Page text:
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The Little Man

Seddon's newest local adds another notch in the belt of the west.
By Lauren Vadnjal
January 22, 2014
By Lauren Vadnjal
January 22, 2014

The noticeable buzz around town when a new westside cafe is set to open is almost palpable. But, what once used to be an isolated event is now one of regularity. With a wave of venues popping up west of the city — most recently the much-hyped Cobb Lane in Yarraville — The Little Man in Seddon could have easily gone unnoticed.

Set on Seddon's main drag, the cafe sits in place of the old Victoria Street Post Office. While the post office drab has been eradicated, a few PO boxes stacked against the wall remain. It's a small detail, but one that shows loyalty to the area and the buildings past.

The space is otherwise pleasant, although it's a little too IKEA display kitchen to express much character. Everything is white, blue and light timber, irrevocably in place and new. There's a precision in placement that can't be faulted on paper, but you get the feeling a few scuffs and coffee stains will erase the sterile brand-newness. Having only been open since early December, it's an element easily forgiven — certainly when everything else overcompensates.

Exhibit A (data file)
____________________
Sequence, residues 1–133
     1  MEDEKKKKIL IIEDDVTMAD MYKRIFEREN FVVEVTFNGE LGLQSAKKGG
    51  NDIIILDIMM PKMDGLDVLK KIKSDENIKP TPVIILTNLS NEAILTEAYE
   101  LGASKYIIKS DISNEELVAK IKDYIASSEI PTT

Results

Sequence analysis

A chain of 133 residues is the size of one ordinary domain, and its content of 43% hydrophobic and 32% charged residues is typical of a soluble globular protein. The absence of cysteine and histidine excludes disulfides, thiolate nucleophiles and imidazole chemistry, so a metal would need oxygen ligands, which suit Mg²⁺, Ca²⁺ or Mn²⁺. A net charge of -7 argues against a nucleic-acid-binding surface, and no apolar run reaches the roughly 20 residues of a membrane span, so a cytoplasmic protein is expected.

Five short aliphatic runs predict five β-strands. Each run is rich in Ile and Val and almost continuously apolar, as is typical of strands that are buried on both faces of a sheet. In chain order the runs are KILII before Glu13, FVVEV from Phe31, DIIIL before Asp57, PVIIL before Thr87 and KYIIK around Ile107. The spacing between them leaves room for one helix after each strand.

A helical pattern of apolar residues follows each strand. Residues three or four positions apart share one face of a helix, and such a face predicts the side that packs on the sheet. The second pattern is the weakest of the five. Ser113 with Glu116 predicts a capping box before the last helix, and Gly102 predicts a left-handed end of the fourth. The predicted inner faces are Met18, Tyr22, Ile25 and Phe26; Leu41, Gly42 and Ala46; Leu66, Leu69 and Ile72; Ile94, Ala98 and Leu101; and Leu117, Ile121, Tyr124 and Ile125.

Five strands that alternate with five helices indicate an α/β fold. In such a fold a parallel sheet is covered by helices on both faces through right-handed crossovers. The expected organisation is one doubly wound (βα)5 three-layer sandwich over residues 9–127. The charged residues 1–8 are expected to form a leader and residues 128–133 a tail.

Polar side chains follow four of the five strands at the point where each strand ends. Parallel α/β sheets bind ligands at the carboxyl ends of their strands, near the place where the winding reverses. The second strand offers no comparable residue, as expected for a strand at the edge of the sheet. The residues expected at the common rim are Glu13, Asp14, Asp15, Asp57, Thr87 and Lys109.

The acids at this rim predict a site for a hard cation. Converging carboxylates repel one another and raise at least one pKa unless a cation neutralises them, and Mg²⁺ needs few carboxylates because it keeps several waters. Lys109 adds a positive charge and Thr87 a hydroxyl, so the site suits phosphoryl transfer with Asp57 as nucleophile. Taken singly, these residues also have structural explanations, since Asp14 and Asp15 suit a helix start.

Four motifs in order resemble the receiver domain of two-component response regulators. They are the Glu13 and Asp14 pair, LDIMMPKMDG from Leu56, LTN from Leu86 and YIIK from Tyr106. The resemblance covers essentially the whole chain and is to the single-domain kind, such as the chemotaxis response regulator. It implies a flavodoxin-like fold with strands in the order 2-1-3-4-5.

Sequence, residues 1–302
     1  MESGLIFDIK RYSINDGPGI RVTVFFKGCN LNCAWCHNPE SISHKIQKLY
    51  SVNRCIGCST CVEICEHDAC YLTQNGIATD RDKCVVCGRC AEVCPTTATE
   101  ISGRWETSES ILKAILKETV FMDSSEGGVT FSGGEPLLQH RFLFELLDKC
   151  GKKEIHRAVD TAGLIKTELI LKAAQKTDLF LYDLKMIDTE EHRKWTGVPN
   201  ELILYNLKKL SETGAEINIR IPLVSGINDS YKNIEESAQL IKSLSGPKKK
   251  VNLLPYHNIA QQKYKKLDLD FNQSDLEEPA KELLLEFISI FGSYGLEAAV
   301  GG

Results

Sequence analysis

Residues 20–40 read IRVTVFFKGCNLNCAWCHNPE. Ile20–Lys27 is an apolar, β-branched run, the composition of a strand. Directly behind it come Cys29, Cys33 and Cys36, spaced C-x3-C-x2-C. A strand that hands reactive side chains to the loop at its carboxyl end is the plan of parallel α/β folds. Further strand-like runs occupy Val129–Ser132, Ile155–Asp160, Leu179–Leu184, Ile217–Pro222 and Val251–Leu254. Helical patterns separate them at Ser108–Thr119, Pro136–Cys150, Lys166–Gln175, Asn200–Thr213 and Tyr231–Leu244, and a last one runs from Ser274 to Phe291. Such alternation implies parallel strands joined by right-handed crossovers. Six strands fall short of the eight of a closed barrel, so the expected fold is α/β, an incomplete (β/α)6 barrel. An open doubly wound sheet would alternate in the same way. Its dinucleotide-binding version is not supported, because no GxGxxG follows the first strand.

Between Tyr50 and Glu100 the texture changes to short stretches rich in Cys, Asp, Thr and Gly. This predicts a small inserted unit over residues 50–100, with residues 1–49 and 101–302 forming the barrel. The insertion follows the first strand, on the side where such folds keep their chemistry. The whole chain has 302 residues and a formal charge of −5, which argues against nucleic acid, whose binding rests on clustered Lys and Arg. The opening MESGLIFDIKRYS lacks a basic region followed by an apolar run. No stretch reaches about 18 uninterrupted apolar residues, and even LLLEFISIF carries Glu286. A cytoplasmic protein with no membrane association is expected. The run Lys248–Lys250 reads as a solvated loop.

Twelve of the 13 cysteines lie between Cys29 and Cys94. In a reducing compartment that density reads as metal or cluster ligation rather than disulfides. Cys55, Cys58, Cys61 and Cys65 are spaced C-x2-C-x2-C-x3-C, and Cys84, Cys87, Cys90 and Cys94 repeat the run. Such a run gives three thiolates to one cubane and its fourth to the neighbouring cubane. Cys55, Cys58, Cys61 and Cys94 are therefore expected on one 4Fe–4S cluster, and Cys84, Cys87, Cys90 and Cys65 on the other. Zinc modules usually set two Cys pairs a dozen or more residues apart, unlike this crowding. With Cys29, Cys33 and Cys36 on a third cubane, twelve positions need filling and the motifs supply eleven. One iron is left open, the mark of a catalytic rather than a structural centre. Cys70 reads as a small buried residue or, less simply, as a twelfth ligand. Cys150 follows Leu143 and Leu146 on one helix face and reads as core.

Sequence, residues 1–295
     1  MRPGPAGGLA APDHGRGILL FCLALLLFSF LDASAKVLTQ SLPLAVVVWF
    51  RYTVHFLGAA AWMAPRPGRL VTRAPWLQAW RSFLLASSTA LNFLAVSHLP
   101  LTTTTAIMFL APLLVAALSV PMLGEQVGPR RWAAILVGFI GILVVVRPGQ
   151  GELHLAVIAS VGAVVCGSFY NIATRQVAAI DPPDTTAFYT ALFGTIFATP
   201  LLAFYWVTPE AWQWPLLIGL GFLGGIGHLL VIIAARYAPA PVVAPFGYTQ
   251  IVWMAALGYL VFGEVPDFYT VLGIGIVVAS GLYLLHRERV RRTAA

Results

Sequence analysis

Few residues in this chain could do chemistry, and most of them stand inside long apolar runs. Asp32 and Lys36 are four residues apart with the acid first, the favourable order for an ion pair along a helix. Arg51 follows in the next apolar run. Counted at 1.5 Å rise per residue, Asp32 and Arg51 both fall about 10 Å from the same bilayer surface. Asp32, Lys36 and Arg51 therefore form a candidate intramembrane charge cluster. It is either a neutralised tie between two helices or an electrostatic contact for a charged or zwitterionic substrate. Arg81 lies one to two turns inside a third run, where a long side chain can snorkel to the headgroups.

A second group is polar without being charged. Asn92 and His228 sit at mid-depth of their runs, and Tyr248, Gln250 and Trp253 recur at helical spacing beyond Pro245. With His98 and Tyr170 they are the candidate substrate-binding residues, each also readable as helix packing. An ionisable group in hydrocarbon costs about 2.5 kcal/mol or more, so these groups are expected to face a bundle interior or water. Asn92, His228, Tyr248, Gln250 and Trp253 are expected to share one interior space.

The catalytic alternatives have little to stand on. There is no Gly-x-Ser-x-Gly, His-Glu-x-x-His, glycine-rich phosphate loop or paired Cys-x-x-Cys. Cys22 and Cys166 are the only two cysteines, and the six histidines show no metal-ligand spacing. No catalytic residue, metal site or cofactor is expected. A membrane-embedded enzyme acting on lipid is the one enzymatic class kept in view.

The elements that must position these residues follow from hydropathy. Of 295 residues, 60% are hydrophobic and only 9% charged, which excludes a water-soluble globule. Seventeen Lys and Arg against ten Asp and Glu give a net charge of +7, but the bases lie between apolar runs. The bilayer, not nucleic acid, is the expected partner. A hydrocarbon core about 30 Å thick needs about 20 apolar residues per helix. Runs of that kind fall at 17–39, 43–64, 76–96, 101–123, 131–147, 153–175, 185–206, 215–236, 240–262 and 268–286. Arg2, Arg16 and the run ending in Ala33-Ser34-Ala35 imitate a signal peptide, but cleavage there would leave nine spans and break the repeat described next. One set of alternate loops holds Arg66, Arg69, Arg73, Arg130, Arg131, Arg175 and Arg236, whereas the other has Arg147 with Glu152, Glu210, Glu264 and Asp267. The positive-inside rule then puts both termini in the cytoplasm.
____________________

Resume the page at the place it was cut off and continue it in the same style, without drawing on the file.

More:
First there's the smell of coffee (Seven Seeds, no less) and the ensured sight of at least one cafe-goer hoeing into an enviable Little Man's Burger with a handful of rustic hand-cut chips. But if it hasn't quite hit lunchtime, the all-day breakfast menu covers all bases. The basics, including chilli and herb scrambled eggs ($12) and corn fritters with smoked salmon ($16), are solid; the more surprising dishes — yoghurt panna cotta with fresh fruit and pistachio praline ($12), espresso ricotta crepes ($14) — make it interesting. If you're going for aesthetics, the brioche French toast with nectaries, candied hazelnuts and mascarpone ($15), is very filter-friendly.

With less-than-exorbitant prices, a modest concept and comforting cooking, The Little Man is a westside local in every sense of the word. A few more months of service is sure to inject some character into the space — the cafe is characterised by a chimp, after all — as well build a loyal fan base and steady slew of Seddoners.

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